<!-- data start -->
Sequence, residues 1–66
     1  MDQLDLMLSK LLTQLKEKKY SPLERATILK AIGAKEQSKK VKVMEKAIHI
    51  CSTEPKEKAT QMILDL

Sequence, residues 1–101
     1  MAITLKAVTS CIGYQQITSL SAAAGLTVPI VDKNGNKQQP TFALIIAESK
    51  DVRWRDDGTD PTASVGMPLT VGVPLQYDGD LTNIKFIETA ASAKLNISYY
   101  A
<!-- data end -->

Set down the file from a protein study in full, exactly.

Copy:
Sequence, residues 1–66
     1  MDQLDLMLSK LLTQLKEKKY SPLERATILK AIGAKEQSKK VKVMEKAIHI
    51  CSTEPKEKAT QMILDL

Sequence, residues 1–101
     1  MAITLKAVTS CIGYQQITSL SAAAGLTVPI VDKNGNKQQP TFALIIAESK
    51  DVRWRDDGTD PTASVGMPLT VGVPLQYDGD LTNIKFIETA ASAKLNISYY
   101  A